Subjective well-being amongst children in the Western Cape : multi-group analysis across three age groups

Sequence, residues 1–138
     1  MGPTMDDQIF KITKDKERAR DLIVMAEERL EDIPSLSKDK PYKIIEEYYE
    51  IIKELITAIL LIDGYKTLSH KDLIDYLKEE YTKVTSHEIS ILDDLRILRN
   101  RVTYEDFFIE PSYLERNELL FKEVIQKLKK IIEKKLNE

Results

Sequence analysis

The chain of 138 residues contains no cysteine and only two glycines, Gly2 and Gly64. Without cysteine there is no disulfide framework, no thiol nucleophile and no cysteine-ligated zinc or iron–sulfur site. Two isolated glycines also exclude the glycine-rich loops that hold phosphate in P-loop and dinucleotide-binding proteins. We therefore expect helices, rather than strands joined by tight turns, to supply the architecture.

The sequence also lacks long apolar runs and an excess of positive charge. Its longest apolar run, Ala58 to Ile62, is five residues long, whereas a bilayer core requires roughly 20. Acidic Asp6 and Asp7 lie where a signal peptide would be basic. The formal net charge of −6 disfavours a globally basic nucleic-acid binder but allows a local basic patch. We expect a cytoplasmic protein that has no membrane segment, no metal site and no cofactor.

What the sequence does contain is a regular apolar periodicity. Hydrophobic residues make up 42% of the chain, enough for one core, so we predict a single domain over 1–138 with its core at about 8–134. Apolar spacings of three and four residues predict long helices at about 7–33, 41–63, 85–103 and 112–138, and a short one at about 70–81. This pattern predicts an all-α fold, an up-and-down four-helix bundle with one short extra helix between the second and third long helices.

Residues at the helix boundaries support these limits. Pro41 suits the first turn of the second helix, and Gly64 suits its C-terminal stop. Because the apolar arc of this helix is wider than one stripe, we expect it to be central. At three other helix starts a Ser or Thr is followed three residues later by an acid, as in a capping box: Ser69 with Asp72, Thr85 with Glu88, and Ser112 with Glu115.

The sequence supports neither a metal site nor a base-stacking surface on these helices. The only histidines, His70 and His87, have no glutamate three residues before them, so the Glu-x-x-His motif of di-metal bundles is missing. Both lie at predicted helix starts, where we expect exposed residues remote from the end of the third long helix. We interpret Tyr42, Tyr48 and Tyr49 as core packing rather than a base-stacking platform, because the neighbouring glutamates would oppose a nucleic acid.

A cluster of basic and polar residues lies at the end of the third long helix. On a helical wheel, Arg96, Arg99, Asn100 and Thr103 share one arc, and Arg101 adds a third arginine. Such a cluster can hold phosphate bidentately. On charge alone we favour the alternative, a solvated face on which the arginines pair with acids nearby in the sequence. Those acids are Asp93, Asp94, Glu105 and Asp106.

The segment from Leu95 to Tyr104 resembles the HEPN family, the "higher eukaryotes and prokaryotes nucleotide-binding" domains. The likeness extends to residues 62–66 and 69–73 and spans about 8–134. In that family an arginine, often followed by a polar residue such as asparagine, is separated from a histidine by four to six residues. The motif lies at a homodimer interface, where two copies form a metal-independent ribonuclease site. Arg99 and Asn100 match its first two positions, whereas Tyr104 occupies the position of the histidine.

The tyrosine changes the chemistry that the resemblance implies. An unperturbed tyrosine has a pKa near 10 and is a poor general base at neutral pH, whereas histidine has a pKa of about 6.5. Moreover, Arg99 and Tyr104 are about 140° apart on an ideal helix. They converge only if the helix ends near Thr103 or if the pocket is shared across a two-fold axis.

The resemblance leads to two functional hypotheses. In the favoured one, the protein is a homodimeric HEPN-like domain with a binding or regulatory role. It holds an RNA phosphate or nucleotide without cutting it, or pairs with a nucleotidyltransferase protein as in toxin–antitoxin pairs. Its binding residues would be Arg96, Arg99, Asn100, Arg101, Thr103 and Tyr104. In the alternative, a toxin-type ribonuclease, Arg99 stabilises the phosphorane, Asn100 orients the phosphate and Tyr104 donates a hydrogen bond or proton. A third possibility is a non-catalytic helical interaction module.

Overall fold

Globally the Subjective Well-Being (SWB) of children is recognized as having a significant effect on the child's psychological and social functioning. Furthermore, not only does children's SWB have effects on childhood well-being research, it has also increased the knowledge of how children view their life that has been determined through the measurement of specific domains that relates to children's lives. The overall aim of this study was to ascertain the SWB of children across three age groups in the Western Cape. Within this process, the study further aimed to fit the structural model depicting the nature of the relationship between global, domain specific and overall life satisfaction across three age groups. The Theory of Model Fit: Goodness of Fit and Fit Indexes was used as the theoretical position conceptualising the study. The sample included 3236 children aged 8, 10, and 12 years selected using stratified random sampling from 29 schools in the Western Cape. The study used Structural Equation Modelling and Multi-group Confirmatory Factor Analysis to address the stated aims and objectives. Ethics principles of informed consent, anonymity, the right to withdraw and privacy were adhered to within the study. Findings of this study indicate that the descriptive statistics depicted high levels of SWB for both measures with mean composite scores ranging between 81.20 to 86.15 for the SLSS; and 83.29 to 84.07 for the PWI-SC. Confirmatory factor analysis showed excellent fit for both the SLSS and the PWI-SC across age groups (multi-group model). The application of Multi-group Confirmatory Factor Analysis in the current study found the measures to be comparable across the three age groups (8, 10 & 12) for the SLSS and two age groups for the PWI-SC (10 & 12). A combined model with two latent constructs, representing different levels of abstraction was also tested. An excellent fit was obtained for this combined model. Appropriate fit statistics was obtained for the overall pooled sample. The standardised regression weights of 0.57 for the PWI-SC and 0.47 for the SLSS point to adequate loadings of the latent constructs onto the OLS. Markedly, it was found that a significant overall mean difference was found between the 10 and 12-year olds and not between the 8 and 10-year olds; while for the domain-specific PWI-SC a similar tendency was noted across the 10 and 12-year olds participants (8 year old group was not applicable in this analysis).